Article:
I discovered a major flaw in a newly recommended (by NIST, NSA) cryptographic random number generator.
The algorithm is known as the Dual Elliptic Curve Deterministic Random Bit Generator, or Dual EC-DRBG for short. There have been many criticisms of this algorithm since it was first recommended by NIST.
“With all of the criticisms of the Dual EC DRBG algorithm, one I have not seen, but which stands as a possible risk factor for differentiating the output from a random source, is the development of limit cycles in the use of the first EC.
In the Dual EC DRBG, the X coordinate of a seed-multiplied point on the first curve is used as the seed for that same curve in the next cycle. This is similar to the use of iterated Hash functions.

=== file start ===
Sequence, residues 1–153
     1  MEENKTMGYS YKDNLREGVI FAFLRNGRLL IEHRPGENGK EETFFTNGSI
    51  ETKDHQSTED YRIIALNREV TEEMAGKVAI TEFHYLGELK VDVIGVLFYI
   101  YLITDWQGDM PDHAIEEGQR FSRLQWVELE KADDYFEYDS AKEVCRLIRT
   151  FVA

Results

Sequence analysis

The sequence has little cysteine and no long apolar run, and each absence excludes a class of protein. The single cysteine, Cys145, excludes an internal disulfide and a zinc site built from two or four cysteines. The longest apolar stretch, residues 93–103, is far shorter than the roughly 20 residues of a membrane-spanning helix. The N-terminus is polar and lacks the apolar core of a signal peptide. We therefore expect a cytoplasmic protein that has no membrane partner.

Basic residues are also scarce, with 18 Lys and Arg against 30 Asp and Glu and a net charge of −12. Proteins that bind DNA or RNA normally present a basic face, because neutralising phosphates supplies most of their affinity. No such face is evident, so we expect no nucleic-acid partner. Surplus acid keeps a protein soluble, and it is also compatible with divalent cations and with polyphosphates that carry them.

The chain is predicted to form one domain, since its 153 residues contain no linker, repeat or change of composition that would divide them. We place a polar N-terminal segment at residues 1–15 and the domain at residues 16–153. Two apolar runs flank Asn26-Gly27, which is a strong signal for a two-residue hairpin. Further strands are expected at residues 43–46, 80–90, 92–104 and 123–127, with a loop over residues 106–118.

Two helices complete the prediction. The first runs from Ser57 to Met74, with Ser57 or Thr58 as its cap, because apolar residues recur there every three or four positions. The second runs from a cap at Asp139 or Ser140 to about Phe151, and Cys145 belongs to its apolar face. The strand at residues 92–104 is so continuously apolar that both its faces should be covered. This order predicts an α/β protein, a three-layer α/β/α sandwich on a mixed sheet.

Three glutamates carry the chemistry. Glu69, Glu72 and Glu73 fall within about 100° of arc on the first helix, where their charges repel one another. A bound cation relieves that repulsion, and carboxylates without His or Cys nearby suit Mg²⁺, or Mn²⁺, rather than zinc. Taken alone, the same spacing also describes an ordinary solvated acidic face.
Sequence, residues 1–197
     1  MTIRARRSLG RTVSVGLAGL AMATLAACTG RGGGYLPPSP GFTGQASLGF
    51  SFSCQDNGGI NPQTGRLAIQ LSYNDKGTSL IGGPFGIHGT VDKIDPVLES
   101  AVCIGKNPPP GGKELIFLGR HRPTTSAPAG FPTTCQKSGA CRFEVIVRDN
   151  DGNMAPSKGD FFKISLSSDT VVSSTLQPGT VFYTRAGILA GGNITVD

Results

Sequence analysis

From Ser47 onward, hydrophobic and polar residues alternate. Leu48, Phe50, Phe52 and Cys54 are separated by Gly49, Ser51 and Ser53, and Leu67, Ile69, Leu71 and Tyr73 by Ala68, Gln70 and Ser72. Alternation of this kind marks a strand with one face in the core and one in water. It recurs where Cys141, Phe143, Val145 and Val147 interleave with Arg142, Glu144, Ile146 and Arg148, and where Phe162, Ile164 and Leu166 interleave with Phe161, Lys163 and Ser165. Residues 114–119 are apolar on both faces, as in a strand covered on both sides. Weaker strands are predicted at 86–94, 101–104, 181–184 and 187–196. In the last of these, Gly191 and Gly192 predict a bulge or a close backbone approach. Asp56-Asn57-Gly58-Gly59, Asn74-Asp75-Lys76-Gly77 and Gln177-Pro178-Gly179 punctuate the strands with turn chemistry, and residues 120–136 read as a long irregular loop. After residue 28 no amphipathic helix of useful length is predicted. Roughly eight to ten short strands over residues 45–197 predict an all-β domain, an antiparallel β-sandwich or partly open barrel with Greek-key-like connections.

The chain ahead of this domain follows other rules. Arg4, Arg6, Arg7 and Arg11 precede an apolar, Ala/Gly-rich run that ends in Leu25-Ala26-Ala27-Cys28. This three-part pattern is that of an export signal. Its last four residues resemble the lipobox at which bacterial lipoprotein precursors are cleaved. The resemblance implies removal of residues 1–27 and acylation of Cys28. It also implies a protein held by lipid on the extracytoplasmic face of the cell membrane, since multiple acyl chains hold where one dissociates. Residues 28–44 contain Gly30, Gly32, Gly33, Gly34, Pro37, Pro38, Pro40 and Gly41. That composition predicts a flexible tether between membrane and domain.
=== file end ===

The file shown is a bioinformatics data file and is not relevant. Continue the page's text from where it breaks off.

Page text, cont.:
It is possible that a limit cycle will develop with considerably shorter period than that of the the point group on the curve. This will then produce long duplicate bit streams at rates much more frequently than would be expected from a random source.
Concrete example: Take a humanly tolerable situation based on GF(2^7). With curve parameters A = 1, B = 26, P = (9,3), this group has a period of 73.
So starting with a seed of 10, a very much shorter limit cycle is developed with period 12.
I’m not stating that existing implementations do show such behavior, only that it cannot be ruled out. I don’t know how to predict when it will happen, and so I don’t know what good curves and keys should be used, nor if careful choices can even prevent the formation of limit cycle behavior.”
- acudoradavid posted this